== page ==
Julian Chehirian is a multimedia artist, researcher, and writer who bases himself in Philadelphia and Sofia. He is currently a doctoral candidate in the History of Science at Princeton University, USA. In his practice-based research, Julian Chehirian creates site-specific multimedia installations that employ architectural space, modified objects, video, sound, and experimental technologies. In his scholarship, he writes on the history of attention and psychotherapy, post-war art and transnational history. His dissertation investigates early experiments in art psychotherapy, examining the art studio as a space of knowledge-making. His writing has appeared in edited collections for Yale University Press, Columbia University Press, Bloomsbury, in Culture, Medicine and Psychiatry, and in The Public Domain Review. Julian has received funding and scholarships from Fulbright, the Interdisciplinary Doctoral Program in Humanities at Princeton, the Centre for Digital Humanities Research at Princeton, the Council for Humanities Research at Princeton, the Institute for Humanities at the University of Toronto, and the American Research Centre in Sofia.

Vasil Vladimirov
photo by Mihail Novakov


Vasil Vladimirov graduated with a BSc in Modern History at Royal Holloway, University of London, and an MSc in Political Sociology at LSE. Given his background in history and sociology, Vasil Vladimirov’s practice as a curator lies at the intersection between art, politics, and history. He serves as the curator and coordinator of the art programme at the KO-OP art space in Sofia, while also maintaining a freelance role. His extensive involvement in the art scene includes guest curator positions at prominent festivals such as the ‘Month of Photography’ in Bratislava and the ‘International Photographic Meetings’ in Plovdiv. Since 2021, he has fulfilled the role of director for FIG, a distinguished festival dedicated to illustration and graphics in Sofia. In 2022, Vasil served as a guest curator for the Process Anatomy programme at the Structura Gallery Project Room. Additionally, he contributed as a fellow researcher at the Centre for Social Vision (run by Swimming Pool) with a focus on Communist-era cultural heritage. His projects have been financed by multiple public and private institutions, including the Ministry of Culture of Bulgaria; The National Culture Fund, Bulgaria; Sofia City Municipality; Goethe Institute Bulgaria; and Creative Europe.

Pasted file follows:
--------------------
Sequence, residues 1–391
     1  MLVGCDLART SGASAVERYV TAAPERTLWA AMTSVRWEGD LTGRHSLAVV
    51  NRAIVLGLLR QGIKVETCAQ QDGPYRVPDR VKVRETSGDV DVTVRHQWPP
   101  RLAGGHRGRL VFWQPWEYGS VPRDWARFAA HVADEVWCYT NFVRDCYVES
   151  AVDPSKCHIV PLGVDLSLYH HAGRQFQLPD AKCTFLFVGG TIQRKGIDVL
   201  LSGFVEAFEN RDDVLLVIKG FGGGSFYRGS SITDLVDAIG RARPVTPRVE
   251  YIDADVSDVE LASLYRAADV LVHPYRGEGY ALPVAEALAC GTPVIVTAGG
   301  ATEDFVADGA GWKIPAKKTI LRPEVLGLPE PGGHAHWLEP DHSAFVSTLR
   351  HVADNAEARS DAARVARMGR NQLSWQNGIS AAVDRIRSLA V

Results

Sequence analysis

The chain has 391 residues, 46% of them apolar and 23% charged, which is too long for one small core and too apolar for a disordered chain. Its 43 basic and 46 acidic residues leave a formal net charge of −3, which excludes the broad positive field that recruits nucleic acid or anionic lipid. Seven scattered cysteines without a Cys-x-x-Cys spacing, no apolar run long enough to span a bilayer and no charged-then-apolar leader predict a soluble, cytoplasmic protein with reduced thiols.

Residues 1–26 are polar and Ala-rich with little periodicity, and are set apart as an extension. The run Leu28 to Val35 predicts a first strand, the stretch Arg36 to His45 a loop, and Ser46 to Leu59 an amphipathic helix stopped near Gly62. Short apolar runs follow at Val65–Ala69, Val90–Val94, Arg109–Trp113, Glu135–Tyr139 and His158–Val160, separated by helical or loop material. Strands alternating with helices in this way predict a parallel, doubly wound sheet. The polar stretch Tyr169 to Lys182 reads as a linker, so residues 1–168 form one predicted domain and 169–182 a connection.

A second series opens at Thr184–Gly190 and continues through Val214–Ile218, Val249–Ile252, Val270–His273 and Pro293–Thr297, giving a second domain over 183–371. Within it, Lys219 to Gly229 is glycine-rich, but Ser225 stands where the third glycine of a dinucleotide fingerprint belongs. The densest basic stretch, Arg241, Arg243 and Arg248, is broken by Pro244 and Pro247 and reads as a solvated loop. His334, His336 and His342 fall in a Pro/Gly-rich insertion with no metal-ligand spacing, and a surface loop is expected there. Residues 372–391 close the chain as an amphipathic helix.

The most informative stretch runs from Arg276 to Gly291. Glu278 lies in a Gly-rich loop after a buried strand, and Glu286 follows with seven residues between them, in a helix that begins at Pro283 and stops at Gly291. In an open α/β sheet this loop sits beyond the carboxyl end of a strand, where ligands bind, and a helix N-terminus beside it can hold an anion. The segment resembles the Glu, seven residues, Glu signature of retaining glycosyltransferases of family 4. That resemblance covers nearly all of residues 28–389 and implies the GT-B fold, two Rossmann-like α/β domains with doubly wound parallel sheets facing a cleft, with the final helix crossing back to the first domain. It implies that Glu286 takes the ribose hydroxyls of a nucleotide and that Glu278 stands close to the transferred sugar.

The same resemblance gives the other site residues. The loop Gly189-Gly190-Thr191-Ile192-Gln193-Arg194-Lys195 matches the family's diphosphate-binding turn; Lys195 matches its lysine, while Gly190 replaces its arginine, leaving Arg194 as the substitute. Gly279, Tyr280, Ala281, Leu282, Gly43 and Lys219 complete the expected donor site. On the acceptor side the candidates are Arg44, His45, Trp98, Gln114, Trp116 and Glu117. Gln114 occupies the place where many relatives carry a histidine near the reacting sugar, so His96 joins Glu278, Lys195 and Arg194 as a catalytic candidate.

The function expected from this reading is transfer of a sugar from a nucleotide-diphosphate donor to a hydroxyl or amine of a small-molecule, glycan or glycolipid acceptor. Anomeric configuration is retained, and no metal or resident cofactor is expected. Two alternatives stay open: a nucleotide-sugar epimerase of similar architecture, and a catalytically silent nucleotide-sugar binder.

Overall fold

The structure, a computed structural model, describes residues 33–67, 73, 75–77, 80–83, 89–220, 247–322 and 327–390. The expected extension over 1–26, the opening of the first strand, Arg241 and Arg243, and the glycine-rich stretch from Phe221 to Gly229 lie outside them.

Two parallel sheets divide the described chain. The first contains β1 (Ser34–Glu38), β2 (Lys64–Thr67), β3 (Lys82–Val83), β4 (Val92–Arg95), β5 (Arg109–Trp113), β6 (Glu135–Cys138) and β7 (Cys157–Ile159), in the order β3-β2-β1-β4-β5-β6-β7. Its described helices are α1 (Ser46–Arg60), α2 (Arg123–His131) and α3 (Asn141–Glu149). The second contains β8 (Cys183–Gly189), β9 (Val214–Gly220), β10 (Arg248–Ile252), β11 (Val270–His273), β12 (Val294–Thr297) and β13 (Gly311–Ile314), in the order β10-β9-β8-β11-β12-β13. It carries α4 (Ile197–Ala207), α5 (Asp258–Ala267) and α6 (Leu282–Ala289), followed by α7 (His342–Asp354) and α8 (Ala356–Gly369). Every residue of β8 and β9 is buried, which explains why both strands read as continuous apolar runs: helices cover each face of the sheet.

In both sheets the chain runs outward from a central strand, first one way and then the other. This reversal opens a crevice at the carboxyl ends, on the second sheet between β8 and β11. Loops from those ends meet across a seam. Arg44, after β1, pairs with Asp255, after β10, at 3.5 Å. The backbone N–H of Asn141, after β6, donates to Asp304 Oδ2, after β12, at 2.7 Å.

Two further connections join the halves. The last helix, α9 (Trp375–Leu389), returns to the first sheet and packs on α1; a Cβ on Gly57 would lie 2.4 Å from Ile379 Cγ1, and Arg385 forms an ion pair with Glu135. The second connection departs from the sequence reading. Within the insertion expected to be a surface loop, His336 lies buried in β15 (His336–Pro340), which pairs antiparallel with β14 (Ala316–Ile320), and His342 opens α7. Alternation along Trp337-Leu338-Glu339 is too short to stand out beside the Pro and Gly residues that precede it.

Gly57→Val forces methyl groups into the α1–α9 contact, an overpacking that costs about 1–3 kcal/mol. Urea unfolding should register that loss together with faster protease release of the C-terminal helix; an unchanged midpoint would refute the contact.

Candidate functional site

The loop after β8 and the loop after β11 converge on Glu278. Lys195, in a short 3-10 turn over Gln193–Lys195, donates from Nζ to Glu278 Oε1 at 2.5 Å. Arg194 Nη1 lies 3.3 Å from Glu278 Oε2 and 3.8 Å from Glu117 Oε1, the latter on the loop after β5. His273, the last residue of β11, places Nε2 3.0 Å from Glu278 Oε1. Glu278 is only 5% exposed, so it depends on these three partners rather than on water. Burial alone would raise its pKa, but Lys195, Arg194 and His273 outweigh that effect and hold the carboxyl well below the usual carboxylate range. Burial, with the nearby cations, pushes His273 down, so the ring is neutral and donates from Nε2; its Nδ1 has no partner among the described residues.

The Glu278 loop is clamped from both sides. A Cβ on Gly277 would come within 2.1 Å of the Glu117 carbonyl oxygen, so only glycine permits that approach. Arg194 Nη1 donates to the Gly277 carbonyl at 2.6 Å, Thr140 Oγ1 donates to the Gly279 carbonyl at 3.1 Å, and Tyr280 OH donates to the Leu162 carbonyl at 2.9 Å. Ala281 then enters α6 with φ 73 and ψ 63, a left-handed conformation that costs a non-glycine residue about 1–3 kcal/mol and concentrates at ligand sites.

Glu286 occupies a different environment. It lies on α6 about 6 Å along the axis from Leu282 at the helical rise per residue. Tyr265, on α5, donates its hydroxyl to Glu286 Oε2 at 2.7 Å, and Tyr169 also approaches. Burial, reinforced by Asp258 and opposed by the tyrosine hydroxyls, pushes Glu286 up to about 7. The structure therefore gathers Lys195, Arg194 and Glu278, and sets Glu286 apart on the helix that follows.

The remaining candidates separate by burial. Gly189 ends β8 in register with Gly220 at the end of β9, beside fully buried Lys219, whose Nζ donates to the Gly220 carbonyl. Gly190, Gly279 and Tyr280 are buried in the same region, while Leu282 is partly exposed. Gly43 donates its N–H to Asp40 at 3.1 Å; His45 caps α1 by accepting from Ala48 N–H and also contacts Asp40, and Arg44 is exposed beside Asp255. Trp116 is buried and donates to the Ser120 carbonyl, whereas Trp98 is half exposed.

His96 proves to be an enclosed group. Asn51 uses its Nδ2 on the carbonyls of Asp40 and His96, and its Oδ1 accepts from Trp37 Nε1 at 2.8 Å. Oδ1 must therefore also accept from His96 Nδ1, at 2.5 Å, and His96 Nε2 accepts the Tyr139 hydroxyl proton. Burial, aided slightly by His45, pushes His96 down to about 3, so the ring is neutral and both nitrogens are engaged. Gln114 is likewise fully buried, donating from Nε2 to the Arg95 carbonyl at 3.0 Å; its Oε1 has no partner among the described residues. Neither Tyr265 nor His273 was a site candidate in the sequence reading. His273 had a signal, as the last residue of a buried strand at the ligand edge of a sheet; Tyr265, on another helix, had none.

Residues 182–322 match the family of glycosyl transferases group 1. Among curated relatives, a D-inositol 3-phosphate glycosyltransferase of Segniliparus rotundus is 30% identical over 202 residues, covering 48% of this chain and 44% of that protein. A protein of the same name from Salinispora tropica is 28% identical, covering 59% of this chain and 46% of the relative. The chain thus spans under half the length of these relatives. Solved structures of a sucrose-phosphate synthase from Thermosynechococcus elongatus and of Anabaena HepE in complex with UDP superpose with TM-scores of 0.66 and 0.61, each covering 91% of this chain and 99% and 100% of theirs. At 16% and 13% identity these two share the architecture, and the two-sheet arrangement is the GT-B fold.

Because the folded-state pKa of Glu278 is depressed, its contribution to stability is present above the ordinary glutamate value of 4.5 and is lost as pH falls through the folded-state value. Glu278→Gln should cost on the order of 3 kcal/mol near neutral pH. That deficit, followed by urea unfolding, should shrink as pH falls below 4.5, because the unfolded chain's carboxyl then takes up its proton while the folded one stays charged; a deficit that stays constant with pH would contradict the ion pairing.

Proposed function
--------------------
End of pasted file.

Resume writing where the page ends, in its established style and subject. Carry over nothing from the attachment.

Nadezhda Dzhakova
photo by Pavel Chervenkov


Nadezhda Dzhakova, PhD, is the commissioner for the Republic of Bulgaria’s 2024 participation in the 60th International Art Exhibition of the Venice Biennale. She is the Director of the Sofia Arsenal – Museum of Contemporary Art, a department of the National Gallery, Bulgaria. 

She is also an art historian, curator and critic. Her research focuses on contemporary art practices, contemporary painting and photography, and site-specific art. She has extensive experience in working with audiences and art management of museums. In 2019, she defended a dissertation on this topic at the Institute of Art Studies at the Bulgarian Academy of Sciences.

She has managed more than a hundred exhibitions, being the main initiator of projects including ‘Autobiography’, ‘Theatre in the Museum’, and ‘Space – Audience’. She has delivered lectures on contemporary art in Bulgaria, Germany, Great Britain, Russia and China, and is a guest lecturer at the University of Architecture, Civil Engineering and Geodesy and New Bulgarian University in Sofia. Nadezhda Dzhakova is a member of the International Association of Art Critics (AICA).


The Pavilion of the Republic of Bulgaria at the 60th International Art Exhibition of La Biennale di Venezia is organized by the Ministry of Culture of Bulgaria. It is produced by the National Gallery, Sofia, with Commissioner Nadezhda Dzhakova.


The 60th edition of La Biennale di Venezia, set to take place from 20 April to 24 November 2024 (pre-opening on 17, 18 and 19 April), is curated by Adriano Pedrosa under the motto Foreigners Everywhere (Stranieri Ovunque). This installment will focus on the themes of migration, exile and ‘foreign origin’. ‘The Biennale itself—an international event with the official participation of numerous countries—has always been a platform for the exhibition of works by foreigners from all over the world. Thus, the 60th International Art Exhibition of La Biennale di Venezia will be a celebration of the foreign, the distant, the outsider, the queer, as well as the indigenous,’ stated Pedrosa.


Sala Tiziano at the Centro Culturale Don Orione Artigianelli
Fondamenta Delle Zattere Ai Gesuiti 919, 30123 Venezia VE, Italy
(near Ponte dell’Accademia)